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Tolling in the 21st century.

Everyone knows there is no such thing as a free lunch. However, until recently, travelers on highways in the U.S. have enjoyed what felt like a "free lunch." True, gas taxes are levied to offset the cost of constructing and maintaining roadways, but gas taxes have not increased in proportion to real income or the cost of such operations, and therefore no longer cover all the costs of transportation infrastructure.

Wear-and-tear on highways begins the moment they're paved, and local, state and federal government budgets are not able to fund new projects at the pace of demand. Increasingly, tolling is becoming the accepted form of highway funding.

Technology has made tolling more appealing to voters and elected officials, making the bottlenecks that occur at traditional stop-and-pay tollbooths virtually a thing of the past.

Electronic Toll Collection (ETC) revolutionized tolling by allowing drivers to roll through toll booths while being charged electronically. Now, technology allows drivers to go though toll facilities (not booths) at highway speeds. This method is called "high speed tolling," and it is being implemented across the country and around the world.

In the Northeast, the New Jersey Turnpike was one of the first to convert existing toll plazas to high-speed toll lanes. Six toll plazas were updated with Express E-ZPass and opened to traffic in 2004. The New Jersey Turnpike Authority took the lead on this monumental project, with design and construction management services by HNTB Corporation. The Turnpike Authority estimates that toll plaza delay has been reduced by 85 percent for a total savings of 2,091,000 vehicle hours per year; cost savings related to fuel consumption for passenger cars in 2004 was estimated at $5.1 million.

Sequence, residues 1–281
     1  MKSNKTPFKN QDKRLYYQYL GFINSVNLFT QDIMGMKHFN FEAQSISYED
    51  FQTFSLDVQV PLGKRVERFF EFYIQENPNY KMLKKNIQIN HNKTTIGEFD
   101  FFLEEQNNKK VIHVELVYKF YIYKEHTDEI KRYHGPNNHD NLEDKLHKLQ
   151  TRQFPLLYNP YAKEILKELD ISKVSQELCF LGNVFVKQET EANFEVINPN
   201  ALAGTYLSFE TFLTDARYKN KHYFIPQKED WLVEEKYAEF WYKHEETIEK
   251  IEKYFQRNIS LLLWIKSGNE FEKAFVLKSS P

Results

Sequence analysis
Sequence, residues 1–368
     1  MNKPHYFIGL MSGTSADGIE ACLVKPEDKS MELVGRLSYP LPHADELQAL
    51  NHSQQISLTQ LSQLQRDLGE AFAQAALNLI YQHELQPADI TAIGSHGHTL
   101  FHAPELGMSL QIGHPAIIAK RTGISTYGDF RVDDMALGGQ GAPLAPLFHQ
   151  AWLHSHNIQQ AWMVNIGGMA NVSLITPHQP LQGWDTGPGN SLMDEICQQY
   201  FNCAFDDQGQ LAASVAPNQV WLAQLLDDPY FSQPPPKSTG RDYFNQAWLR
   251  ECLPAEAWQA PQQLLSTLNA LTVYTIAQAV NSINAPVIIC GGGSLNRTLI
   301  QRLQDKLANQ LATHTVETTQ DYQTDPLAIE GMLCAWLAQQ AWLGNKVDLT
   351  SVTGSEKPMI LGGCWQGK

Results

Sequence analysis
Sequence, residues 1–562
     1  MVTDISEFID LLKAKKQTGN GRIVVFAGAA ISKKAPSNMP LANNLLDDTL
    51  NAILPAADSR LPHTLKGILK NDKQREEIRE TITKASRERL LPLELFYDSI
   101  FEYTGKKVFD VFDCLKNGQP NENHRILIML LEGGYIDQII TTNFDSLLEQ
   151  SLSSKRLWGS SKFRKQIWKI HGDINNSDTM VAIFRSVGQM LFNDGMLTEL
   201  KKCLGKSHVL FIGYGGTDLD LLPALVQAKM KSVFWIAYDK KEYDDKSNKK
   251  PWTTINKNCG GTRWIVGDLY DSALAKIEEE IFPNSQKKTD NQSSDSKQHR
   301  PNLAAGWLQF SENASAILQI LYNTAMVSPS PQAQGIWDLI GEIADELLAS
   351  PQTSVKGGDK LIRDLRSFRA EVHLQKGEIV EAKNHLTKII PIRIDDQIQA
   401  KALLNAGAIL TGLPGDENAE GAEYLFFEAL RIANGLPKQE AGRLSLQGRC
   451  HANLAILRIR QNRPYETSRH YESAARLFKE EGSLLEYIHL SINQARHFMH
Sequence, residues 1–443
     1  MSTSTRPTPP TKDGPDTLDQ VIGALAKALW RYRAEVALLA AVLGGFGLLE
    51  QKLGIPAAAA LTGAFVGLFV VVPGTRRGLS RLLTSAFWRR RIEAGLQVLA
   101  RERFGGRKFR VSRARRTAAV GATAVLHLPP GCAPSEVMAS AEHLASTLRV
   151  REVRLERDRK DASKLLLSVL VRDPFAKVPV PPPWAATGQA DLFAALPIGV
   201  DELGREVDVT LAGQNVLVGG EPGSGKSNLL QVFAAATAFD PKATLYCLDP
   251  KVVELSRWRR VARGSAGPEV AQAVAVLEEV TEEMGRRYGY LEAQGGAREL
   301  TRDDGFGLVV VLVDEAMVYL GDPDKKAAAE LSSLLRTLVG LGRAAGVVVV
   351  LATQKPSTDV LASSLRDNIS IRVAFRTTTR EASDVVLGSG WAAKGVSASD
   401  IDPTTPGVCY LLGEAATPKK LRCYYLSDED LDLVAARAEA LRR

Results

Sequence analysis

Tolling technology is now being tapped for more than just toll collection. It's actually helping to manage congestion. High Occupancy Vehicle (HOV) lanes, once reserved for cars carrying two or more people, are being converted to High Occupancy Toll (HOT) lanes, which allow single-occupancy cars into the less-congested lanes for a price. HOT lanes often implement "value pricing," where the toll is adjusted according to the level of congestion in the "free" lanes. Experts point out that this implementation of the market economy principles of supply and demand simply brings highways into the realm of most shared-but-scarce goods, like oil. California, Oklahoma, Texas, Colorado, Maine and Minnesota are just a few of the states implementing high-tech tolling to pay for their highways.

The federal government looks kindly on states helping to paying their own way.

"There will always be some federal funding shortfall for transportation; to cover that shortfall, tolls will be one of the tools states will consider," said HNTB senior vice president and national toll expert Jack Finn.

Indeed, a tone of urgency for creative funding solutions has been building for more than 18 months as states have waited for the federal transportation bill to be finalized. Regardless of the final funding level, states will need other solutions, like tolling, to ensure that their transportation systems grow with their populations and with technological advances well into the 21st century.

JACK FINN, SENIOR VICE PRESIDENT & TOLLING MARKET SECTOR LEADER HNTB CORPORATION
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Author:Finn, Jack
Publication:Real Estate Weekly
Geographic Code:1USA
Date:May 25, 2005
Words:526
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